Perhaps surprisingly, a 2017 survey by investment firm Callan said that while the number of institutional investors including ESG factors in their investments had grown from 22% in 2013 to 37% today, that percentage has at present leveled off. Callan noted that this reflected the fact that its 2017 survey respondents comprised more small and corporate funds than in previous years and that “multiple years of investor education around ESG [are] coming to fruition.”
With institutional investors leveling off, individual and retail investors may be playing a greater role in driving growth in impact investing. According to a 2017 study by Morgan Stanley, 75% of the “total population” of individual investors is either “very interested” or “interested” in sustainable investing goals. But among millennials—those born between the early 1980s and the mid-1990s—that interest level rises to 86%. Now coming into its own as a cohort of investors, this generation is twice as likely to make a sustainable investment than the investor population as a whole.
And with millennials now predominating the workforce—giving them sway not only as consumers but also as 401(k) investors—it’s perhaps logical that this “demographic is a key factor in the rise of responsible investing,” as consulting firm Aon’s 2018 Global perspectives on responsible investing report asserts.
Better Strategy and Data
One issue relevant to the impact investing industry’s ability to scale is the availability of data about how ESG investors are managing their assets and what results they’re seeing, both financially and in terms of impact. The Case Foundation’s recent #ShareYourData initiative both calls attention to this issue and helps to solve it by gathering the information needed to move impact investing even further into the mainstream.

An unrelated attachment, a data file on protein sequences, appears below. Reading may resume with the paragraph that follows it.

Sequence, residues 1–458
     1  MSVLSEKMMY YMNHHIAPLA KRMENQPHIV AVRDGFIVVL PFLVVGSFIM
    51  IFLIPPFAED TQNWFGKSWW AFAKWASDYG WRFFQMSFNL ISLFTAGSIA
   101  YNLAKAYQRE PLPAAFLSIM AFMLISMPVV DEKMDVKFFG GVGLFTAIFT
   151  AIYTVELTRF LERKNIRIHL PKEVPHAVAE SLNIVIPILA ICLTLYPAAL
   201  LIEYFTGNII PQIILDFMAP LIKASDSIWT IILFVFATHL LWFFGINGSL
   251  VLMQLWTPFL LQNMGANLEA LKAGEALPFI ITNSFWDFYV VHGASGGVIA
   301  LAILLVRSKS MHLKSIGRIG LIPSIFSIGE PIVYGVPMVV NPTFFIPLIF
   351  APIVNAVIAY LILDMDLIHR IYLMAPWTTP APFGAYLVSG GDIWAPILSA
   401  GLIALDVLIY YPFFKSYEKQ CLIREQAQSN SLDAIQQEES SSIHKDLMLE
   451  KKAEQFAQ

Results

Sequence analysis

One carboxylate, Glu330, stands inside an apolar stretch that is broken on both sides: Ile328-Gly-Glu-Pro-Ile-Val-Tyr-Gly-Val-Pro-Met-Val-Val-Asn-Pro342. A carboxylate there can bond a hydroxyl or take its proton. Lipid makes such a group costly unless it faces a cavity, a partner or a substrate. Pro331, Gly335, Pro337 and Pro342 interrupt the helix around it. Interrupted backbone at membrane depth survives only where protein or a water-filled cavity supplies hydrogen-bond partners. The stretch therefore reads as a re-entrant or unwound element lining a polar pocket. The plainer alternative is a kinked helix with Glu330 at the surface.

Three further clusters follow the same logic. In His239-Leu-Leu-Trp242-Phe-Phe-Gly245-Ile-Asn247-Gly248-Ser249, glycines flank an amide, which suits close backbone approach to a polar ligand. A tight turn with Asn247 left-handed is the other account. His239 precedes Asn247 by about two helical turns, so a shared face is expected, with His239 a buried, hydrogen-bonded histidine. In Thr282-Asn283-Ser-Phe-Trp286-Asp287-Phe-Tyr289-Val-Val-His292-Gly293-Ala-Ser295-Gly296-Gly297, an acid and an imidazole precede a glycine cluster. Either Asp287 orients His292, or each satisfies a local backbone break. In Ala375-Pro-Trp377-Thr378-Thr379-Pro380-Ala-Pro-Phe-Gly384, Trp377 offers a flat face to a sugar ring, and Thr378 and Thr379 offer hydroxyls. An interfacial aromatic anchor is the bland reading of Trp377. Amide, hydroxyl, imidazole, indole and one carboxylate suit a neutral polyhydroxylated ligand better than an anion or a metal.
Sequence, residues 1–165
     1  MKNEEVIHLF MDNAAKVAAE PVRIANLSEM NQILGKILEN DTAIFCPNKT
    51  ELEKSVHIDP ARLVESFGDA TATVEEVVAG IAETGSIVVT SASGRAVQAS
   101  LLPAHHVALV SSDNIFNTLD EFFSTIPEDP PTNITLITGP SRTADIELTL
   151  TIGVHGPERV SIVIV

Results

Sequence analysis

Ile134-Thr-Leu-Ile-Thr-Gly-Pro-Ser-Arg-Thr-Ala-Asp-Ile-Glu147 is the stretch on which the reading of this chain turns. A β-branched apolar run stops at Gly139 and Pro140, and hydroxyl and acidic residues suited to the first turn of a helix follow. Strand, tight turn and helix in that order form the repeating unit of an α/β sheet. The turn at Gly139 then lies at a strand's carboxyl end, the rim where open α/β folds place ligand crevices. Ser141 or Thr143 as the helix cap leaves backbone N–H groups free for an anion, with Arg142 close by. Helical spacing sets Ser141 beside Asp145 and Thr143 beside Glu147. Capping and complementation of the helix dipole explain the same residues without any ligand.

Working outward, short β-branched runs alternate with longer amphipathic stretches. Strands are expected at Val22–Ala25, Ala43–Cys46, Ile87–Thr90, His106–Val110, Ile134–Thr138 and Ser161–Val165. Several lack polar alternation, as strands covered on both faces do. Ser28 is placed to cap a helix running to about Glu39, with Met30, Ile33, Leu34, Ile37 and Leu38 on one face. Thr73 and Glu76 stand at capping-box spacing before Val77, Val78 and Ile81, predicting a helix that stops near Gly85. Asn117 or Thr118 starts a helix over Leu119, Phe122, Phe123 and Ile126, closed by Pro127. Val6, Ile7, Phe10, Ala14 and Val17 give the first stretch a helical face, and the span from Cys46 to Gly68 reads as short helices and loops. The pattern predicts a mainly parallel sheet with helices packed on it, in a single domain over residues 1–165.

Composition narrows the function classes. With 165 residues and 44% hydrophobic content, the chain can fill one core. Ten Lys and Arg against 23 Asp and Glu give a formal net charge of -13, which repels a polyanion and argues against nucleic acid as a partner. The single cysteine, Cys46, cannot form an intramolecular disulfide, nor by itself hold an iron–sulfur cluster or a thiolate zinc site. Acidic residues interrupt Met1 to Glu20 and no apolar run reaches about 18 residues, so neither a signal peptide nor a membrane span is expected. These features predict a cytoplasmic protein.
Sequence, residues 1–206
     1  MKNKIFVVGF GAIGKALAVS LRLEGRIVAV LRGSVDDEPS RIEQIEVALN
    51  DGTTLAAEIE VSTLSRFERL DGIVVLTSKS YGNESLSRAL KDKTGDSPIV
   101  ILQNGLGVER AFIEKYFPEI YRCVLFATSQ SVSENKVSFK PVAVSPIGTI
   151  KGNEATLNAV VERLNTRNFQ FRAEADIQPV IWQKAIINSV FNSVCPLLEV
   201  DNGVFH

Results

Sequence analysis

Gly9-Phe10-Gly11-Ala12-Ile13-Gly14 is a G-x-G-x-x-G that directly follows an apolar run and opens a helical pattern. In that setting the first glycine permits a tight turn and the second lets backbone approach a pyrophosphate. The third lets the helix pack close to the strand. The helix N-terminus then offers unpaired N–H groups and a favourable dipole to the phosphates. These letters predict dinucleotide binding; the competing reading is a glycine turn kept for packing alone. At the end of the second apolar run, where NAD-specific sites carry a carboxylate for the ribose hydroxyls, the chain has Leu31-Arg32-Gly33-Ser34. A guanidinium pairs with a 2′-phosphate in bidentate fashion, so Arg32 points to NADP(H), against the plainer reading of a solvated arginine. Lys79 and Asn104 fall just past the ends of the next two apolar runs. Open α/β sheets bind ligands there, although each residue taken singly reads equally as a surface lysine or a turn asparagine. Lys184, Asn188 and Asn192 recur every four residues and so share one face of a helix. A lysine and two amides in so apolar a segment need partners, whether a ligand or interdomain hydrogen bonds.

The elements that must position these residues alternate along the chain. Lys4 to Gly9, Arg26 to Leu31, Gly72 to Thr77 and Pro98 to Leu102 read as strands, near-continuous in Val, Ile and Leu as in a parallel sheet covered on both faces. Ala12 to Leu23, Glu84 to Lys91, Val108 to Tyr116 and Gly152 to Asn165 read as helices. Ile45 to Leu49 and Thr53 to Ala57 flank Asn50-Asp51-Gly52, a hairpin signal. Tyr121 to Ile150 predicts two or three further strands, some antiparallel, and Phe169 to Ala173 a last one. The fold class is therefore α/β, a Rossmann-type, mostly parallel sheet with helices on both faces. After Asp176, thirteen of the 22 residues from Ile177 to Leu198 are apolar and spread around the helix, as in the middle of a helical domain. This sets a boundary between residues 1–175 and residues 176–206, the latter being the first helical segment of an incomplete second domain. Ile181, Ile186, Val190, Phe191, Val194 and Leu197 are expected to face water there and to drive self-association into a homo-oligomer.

The GIIN survey notes that impact investors increasingly “demonstrate a strong commitment to measuring and managing impact,” with 76% of respondents setting impact targets to measure against. The expanding availability of frameworks like the GIIN’s own IRIS performance metrics and the United Nations’ Sustainable Development Goals, established in 2016, has helped investors keep their projects on track.
Likewise, in explaining the development of the impact investing market, 90% of respondents pointed to the growing presence of skilled professionals in the space, while 88% pointed to the “sophistication of impact measurement practice” and 85% pointed to progress in “research and data.”
That said, 40% called “common understanding of definition and segmentation of [the] impact investing market” a “significant challenge.” And Aon’s survey found that roughly half of ESG investors want more consistent data, better research on impact and returns, and increased standardization of industry terms and definitions.
Still, a majority of GIIN respondents said their ESG investments had met their expectations for impact (82%) or financial (76%) performance, with another 15% saying their investments had exceeded expectations for both. As results like these bear out the premise of impact investing and investors share their success stories, it’s not surprising to see momentum continuing to build.